Me: Hahaha. But hmmm. I have never been to the Reading Room. Can I get in there?
The husband: Your badge will get you in.
Me: It will? I’ve never tried. I can get into the main part where all the people are researching and all the tourists look down on them from the glass cage up above, like specimens?
The husband: Yeah. You should check it out, you’d love it.
Me: They’ll really let me in?
The husband: Yes. And then you can dance around like Belle.

That’s what sold me. Taking a lunch hour to be in the largest library in the world, a place with limited access and practically unlimited volumes of knowledge and wisdom (and Harry Potter!) was really an opportunity it would have been silly to ignore.

So after the husband and I ate our leftovers on the Library of Congress patio (Madison Building) I strolled over to the Jefferson Building (there are four Library of Congress buildings, btw. The Jefferson Building is the main one, the one people picture when they picture the LoC.) and tucked in through the carriage entrance.

I told the kindly gentleman at the information counter that I was there for the Reading Room and showed my Congressional staff ID. Amazing what that little bugger can do for you! He directed me through the winding halls of the building and soon I was at the entrance to the Reading Room. The kind but no-nonsense security guard told me I was supposed to have checked my bag in the cloakroom downstairs, since I wasn’t there on official business. I asked him what would constitute official business and maybe I could make an argument for it, but I was just a staffer there on my lunch hour. Congressional staff? Do you have your badge? Go ahead.

Go ahead I did. With a kid-in-a-candy-store grin on my face, I floated as if on a cloud walked through the “mountains of books, cascades of books!” I even took some of the winding secret staircases I came across.


With no direction but feeling like I should pull at least one book from its shelf, I wandered until finally, there it was. Who’s Who in 20th Century Great Britain. Baroness Margaret Thatcher had passed away just that morning. The husband and I had (middle) named the little oyster after her, and it seemed only fitting to pay a small tribute to her in this way. I pulled the book from the shelf, searched for Thatcher, and read the small blurb that, of course, as yet only included her birth date and marriage dates. I left the large volume open on the research table and went back to work.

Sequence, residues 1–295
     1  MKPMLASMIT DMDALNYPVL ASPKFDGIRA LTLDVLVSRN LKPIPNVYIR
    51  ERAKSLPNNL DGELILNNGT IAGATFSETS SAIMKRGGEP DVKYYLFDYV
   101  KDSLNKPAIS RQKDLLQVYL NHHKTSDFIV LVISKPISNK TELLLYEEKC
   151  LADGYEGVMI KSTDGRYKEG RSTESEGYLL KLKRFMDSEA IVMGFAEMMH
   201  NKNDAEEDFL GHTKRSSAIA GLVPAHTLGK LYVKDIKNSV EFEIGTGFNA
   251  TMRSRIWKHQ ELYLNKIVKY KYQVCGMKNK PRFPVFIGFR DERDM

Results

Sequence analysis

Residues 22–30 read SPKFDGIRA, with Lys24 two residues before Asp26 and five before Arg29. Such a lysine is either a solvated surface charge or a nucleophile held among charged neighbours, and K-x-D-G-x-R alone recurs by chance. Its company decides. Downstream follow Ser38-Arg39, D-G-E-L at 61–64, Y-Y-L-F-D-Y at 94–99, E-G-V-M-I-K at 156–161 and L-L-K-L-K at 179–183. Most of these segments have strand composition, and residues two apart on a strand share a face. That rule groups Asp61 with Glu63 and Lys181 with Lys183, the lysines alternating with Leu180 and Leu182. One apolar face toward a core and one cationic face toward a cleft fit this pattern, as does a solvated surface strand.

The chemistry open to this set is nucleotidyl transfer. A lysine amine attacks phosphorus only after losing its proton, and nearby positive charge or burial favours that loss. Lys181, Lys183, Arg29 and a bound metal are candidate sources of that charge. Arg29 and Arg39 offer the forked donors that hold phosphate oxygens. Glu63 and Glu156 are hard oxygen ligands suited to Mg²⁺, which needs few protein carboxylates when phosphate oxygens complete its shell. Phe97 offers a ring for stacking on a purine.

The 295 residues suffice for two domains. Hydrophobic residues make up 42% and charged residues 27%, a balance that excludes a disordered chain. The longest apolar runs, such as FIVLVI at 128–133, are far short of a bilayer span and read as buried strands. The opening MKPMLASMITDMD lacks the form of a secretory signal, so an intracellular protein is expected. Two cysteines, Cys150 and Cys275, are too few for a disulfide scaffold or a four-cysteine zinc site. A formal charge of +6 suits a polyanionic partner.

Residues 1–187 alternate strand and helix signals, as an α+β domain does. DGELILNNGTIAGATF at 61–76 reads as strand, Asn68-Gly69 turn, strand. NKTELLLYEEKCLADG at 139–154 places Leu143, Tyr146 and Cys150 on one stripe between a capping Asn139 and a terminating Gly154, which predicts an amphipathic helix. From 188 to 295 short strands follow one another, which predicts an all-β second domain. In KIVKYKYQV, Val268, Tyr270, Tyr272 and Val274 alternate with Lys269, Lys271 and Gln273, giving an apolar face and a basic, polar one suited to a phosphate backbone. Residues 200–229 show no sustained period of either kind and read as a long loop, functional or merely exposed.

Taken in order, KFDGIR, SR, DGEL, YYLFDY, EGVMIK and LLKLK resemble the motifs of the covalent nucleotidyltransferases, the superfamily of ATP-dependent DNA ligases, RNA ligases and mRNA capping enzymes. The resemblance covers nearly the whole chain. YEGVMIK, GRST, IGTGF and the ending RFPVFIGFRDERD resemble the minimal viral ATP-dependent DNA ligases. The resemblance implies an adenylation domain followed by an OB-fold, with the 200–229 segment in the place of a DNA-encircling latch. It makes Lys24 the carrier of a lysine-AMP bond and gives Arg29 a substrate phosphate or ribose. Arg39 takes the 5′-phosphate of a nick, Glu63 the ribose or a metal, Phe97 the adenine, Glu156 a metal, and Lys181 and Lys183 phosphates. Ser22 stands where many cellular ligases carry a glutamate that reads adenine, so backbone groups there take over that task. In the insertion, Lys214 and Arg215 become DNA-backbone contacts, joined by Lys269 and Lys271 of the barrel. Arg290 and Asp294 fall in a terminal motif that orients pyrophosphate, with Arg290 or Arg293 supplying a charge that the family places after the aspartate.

reading room

Enraptured though I was, I did not, in fact, dance around like Belle. Maybe next time.


Dogblog: A hard day’s work


Well, there I am, ready for a big day in the office! (I’m not wearing a tie like I sometimes do because I was going to my mom’s office for most of the day and they are relaxed about that.) Sometimes when the House is in recess I get to go to work with my mom and my dad, and Thursday was one of those days! I hadn’t been to their working buildings in such a very long time, and I was excited to be back. As always, I used my best manners and made my mom and my dad very proud of me.

The first time I ever went to the work with my dad, he made me go up the escalator with him. That was kind of scary because I didn’t get it. It was sorta like this (you have to click on it):